Back to 2001

The episode then goes back to where the first episode left off, with the Patriots losing to the Rams. As discussed in the Episode 1 review, Bill Belichick is questioned about his quarterback situation following the loss. Belichick explains to the media that he is paid to make decisions for the franchise.

“I’m going to make the decisions that I think are best for the entire team,” emphasizes Belichick. “T-E-A-M team.”

Clips are shows of national analysts criticizing the decision to stick with Brady for the remainder of the season. Michael Wilbon and Chris Collinsworth are among Belichick’s critics of the choice. Focus then shifts to the MVP of Episode 2…

Ernie Adams

Bill Belichick’s longtime friend and co-worker Ernie Adams is featured. Adams worked in the shadows for over two decades in New England but is prominently featured in this episode. He is excellent. Adams talks about the media members critical of the decision to bench Drew Bledsoe.

“The scribes. A lot of people that don’t have a clue what they’re talking about frankly. But there are some experts in New England on football, and they all work for the coaching staff of the Patriots.”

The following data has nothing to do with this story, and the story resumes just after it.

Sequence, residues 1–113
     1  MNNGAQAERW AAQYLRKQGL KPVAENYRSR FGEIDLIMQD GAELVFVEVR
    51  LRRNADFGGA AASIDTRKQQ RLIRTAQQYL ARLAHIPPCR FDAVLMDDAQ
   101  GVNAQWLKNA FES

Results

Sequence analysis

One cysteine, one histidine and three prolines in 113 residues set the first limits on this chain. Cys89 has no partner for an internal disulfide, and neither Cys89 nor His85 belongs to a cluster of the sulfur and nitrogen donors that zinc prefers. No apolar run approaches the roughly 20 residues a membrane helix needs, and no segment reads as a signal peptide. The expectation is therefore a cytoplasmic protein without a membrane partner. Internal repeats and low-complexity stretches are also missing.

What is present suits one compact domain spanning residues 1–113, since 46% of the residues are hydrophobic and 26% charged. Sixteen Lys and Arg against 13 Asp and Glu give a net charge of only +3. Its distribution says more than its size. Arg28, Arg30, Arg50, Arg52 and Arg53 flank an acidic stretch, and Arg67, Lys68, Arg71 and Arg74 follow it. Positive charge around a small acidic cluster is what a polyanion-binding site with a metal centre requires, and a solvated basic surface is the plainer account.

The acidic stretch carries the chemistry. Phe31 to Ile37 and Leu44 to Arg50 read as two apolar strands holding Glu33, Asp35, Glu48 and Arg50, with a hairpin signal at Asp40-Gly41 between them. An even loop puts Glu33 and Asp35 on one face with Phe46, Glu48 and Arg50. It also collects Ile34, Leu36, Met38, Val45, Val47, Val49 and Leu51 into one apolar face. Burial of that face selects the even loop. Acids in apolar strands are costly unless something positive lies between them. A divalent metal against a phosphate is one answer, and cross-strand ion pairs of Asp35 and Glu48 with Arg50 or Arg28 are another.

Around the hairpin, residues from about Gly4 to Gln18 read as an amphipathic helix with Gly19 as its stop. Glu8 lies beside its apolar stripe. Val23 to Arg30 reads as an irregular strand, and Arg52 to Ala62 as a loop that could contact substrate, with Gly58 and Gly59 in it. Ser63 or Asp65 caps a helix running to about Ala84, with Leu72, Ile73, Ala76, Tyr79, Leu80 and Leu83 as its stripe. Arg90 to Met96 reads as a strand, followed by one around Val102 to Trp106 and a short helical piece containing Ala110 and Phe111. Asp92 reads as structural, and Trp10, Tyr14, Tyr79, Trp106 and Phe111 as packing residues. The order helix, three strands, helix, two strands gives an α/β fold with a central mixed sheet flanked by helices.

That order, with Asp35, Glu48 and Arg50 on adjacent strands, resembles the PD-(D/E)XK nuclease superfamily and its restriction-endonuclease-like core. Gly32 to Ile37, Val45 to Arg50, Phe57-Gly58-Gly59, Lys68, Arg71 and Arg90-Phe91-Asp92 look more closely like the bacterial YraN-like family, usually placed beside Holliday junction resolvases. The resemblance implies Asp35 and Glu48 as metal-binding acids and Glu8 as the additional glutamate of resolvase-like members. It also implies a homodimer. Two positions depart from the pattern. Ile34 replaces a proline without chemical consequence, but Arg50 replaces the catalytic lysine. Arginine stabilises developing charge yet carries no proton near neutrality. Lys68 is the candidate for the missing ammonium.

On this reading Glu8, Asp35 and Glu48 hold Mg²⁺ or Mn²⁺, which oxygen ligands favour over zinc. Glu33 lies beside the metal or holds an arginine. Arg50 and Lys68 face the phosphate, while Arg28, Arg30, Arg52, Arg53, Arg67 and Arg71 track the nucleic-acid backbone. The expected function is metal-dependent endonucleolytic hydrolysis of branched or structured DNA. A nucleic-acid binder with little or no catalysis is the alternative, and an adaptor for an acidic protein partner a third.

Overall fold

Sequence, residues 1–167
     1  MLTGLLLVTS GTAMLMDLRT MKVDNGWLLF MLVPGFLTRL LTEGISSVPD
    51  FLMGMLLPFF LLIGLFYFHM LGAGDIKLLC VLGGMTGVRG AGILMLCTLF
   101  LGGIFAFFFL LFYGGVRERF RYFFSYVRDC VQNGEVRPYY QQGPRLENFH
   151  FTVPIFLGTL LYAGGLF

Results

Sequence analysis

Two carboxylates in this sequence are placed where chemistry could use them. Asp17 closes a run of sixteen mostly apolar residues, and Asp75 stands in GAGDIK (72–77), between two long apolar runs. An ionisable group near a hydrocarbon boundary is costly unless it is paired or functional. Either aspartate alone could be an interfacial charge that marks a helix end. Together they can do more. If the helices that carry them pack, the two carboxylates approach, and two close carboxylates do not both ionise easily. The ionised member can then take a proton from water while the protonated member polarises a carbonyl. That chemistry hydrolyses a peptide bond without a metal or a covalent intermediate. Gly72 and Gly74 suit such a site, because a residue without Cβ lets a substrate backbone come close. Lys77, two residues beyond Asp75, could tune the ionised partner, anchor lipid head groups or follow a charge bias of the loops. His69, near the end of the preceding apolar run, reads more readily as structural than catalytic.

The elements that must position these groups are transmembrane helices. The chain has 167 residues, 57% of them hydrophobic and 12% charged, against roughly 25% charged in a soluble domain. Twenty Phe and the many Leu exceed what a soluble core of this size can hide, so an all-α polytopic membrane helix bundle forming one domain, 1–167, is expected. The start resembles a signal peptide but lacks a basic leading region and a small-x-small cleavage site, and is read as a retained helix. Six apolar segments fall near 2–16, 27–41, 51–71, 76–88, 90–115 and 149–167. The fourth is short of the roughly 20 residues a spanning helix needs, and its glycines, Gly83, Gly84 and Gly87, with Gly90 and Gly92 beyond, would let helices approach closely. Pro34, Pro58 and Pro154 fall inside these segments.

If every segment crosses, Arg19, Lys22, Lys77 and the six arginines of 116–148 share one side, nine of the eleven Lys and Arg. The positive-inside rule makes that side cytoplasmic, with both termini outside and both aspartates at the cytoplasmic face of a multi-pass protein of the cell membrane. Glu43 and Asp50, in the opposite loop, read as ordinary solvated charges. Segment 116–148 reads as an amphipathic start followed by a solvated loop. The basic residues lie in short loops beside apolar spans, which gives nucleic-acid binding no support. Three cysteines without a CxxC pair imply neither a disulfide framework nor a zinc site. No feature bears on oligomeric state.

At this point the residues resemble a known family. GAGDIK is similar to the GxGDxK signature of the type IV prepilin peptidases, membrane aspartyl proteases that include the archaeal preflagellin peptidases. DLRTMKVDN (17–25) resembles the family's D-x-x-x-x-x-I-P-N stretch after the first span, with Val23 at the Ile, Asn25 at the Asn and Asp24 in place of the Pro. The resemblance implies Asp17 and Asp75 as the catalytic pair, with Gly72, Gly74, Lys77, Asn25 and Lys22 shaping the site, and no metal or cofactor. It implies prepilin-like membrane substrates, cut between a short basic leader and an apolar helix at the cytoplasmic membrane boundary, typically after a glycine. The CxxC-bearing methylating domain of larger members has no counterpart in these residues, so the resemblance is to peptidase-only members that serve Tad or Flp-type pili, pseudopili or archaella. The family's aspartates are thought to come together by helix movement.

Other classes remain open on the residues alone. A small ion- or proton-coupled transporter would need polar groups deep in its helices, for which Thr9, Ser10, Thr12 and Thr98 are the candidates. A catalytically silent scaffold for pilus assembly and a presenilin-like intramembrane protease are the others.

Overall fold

Drew Bledsoe’s career taking hard hits is shown in a compilation of clips. Adams explains that after getting hit that hard for that long, Bledsoe began to freeze up under pressure, preparing himself to be hit. And this was before the hit that cost him his starting job and potentially a lot more.

Cut to Scott Pioli, who tells a story of Ernie Adams calling Pioli into a room to look at a video he is watching. Pioli does a perfect impersonation of Adams. He relives the moment, playing the role of Adams showing him something on the video.

“Drew. He looks like a wildebeest under attack.”

Unlike when Belichick, Pioli, and company opted to move on from Bernie Kosar in Cleveland, this time they had an answer. His name was Tom Brady.

The Perfectionist Finds a Match

Brady’s family discusses what he was like growing up. How Brady was a competitor and perfectionist. How he had a drive to always improve. He worked hard. He wanted to be great. In Bill Belichick, Tom Brady found a bit of a football soulmate.

Bill Belichick explains how those traits that stood out to Brady’s family while he was growing up continued into his NFL career.

“Tom (Brady) I feel got the best out of me. Because he was so well prepared I felt like I had to keep up with his preparation,” reasoned Belichick. “I loved working with Tom every day. Seeing the game through the quarterback’s eyes and seeing what he saw. I think those are things that made me a better coach.”